Dating silver plate marks

Hallmarks are applied with a hammer and punch, a process that leaves sharp edges and spurs of metal.Therefore, hallmarking is generally done before the piece goes for its final polishing.Fortunately, with the use of a single reference book, it is possible for even a complete novice to decipher the vast majority.Although there are many books on the market which can be used to help read hallmarks, the standard book of reference, used by dealers and collectors world wide is Bradbury's Book of Hallmarks.This helped to protect the consumer, for if it was determined that the silver object was not actually pure enough to be marked as silver, the culprit could be found and punishment could be meted out.As silver objects made before 1700 are quite rare, I shall restrict my comments to those made after that date.Some of them contain no silver at all, so it’s prudent to understand these terms when investing in antiques or collectibles you believe to be sterling.Also, keep in mind that 92.5 percent silver must be used in an alloy for it to be deemed sterling.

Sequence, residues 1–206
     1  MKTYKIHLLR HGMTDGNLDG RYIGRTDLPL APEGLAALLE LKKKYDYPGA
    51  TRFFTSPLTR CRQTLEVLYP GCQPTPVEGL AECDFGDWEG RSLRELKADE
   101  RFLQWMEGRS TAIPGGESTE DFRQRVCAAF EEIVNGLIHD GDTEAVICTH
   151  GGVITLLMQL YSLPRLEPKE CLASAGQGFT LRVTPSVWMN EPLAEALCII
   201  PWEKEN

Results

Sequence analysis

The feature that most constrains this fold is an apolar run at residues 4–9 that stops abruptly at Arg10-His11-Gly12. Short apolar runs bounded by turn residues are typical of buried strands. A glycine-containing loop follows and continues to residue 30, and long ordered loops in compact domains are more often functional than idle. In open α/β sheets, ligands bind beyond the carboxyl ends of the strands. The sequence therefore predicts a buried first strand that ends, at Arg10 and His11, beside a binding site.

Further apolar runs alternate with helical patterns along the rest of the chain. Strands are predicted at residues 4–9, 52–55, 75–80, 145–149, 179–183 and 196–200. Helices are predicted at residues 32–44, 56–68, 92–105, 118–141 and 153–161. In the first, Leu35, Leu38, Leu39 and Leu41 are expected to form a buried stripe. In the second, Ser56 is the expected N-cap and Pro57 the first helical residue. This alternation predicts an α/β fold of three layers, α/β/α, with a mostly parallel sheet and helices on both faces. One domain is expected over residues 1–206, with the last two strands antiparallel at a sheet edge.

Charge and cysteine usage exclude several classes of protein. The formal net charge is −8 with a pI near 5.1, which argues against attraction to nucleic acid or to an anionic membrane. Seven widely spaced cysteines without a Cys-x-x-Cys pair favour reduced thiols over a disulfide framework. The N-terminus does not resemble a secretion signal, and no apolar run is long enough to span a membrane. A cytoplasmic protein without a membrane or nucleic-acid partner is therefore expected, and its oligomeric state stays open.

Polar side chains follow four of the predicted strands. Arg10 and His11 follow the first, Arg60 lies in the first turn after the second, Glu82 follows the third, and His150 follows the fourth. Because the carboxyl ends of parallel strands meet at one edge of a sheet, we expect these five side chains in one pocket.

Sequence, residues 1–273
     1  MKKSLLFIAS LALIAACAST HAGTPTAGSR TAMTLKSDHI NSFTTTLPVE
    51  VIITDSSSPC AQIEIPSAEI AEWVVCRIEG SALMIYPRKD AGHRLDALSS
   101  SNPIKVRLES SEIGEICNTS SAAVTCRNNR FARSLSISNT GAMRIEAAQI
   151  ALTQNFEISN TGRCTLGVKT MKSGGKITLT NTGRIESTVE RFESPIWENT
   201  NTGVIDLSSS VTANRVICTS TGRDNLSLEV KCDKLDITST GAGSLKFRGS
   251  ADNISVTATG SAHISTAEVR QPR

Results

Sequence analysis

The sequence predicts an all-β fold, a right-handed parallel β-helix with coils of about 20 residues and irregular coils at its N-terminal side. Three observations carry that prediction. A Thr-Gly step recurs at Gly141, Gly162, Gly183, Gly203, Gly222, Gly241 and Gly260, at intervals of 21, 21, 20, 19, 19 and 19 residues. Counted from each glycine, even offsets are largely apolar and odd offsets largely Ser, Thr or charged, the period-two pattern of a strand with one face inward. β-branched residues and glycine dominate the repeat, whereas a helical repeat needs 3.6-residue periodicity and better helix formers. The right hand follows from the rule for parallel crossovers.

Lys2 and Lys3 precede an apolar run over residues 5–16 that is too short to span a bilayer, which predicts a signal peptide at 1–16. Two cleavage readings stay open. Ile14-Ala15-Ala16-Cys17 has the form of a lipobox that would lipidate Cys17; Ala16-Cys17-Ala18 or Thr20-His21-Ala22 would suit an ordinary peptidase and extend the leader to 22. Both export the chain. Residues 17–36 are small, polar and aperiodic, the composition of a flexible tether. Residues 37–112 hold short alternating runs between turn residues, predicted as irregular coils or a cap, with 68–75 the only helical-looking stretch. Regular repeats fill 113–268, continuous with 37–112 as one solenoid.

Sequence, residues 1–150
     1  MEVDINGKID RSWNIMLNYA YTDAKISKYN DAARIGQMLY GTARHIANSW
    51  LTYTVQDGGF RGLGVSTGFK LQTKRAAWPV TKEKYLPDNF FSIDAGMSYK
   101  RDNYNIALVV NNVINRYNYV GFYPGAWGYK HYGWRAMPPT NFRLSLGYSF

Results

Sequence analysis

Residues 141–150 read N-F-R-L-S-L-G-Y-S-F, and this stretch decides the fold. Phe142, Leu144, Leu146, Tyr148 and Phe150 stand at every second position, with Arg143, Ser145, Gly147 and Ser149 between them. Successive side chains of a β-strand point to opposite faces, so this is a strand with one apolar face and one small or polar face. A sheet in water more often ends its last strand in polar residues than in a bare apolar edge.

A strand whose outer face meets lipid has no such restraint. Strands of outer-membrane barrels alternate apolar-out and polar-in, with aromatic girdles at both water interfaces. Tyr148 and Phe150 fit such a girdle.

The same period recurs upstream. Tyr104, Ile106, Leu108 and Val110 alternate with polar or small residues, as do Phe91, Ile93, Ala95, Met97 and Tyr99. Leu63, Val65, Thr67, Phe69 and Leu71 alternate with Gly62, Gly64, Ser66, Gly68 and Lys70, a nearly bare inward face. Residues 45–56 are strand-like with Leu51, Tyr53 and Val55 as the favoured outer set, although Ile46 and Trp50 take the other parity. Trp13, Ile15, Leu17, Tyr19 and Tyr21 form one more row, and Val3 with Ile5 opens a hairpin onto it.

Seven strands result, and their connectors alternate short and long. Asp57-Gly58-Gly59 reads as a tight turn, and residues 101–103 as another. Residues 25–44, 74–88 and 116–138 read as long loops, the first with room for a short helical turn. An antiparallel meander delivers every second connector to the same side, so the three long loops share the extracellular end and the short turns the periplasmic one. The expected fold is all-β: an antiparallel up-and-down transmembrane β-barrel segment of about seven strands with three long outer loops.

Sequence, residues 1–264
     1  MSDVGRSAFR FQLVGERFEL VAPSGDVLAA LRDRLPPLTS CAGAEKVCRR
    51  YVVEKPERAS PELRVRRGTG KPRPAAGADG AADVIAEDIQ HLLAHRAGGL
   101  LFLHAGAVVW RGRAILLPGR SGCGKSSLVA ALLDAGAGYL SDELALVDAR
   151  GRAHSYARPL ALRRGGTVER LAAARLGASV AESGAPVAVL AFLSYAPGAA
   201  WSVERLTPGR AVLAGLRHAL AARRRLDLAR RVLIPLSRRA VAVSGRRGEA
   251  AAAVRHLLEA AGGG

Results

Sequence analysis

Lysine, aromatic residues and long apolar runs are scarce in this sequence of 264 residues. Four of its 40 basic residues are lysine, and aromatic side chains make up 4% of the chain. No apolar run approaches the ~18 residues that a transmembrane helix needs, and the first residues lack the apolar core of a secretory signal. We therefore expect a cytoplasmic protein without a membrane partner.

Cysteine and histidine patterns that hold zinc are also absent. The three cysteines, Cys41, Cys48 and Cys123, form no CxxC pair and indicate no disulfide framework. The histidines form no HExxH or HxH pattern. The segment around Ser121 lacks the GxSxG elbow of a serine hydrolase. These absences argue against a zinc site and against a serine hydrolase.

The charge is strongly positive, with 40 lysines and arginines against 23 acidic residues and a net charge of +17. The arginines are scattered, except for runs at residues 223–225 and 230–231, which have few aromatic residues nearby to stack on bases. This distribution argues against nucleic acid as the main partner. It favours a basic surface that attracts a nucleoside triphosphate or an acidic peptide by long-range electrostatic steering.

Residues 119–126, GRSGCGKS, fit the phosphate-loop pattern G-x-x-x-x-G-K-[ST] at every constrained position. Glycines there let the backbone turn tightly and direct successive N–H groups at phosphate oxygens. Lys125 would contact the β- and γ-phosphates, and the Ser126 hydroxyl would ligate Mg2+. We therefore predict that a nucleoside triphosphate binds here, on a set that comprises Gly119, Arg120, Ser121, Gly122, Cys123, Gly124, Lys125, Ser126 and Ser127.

Armed with this book, the process of reading these marks can be split into the 5 simple steps shown below.The hallmark for sterling silver varies from nation to nation, often using distinctive historic symbols, although Dutch and UK Assay offices no longer strike their traditional hallmarks exclusively in their own territories and undertake assay in other countries using marks that are the same as those used domestically.One of the most highly structured hallmarking systems in the world is that of the United Kingdom, (Scotland, England, Wales and Northern Ireland), and Ireland.It is a form of consumer protection, whose origin goes back almost 1000 years.There are so many different hallmarks found on British silver that to know all of them would be impossible.The vast majority of English, Scottish and Irish silver produced in the last 500 years is stamped with either 4 or 5 symbols, known as hallmarks.The prime purpose of these marks is to show that the metal of the item upon which they are stamped is of a certain level of purity. It has long been used to fashion serving pieces, decorative items, jewelry, and a host of other goods. Photo Courtesy of Morphy Auctions Silver is considered to be a precious metal and is, in fact, the most plentiful of all metals falling into this category.In 1719 Parliament established the standard for purity for sterling silver and instituted a mark indicating that an item is of sufficient purity to be deemed sterling.That standard means an item is made of 92.5% pure silver.

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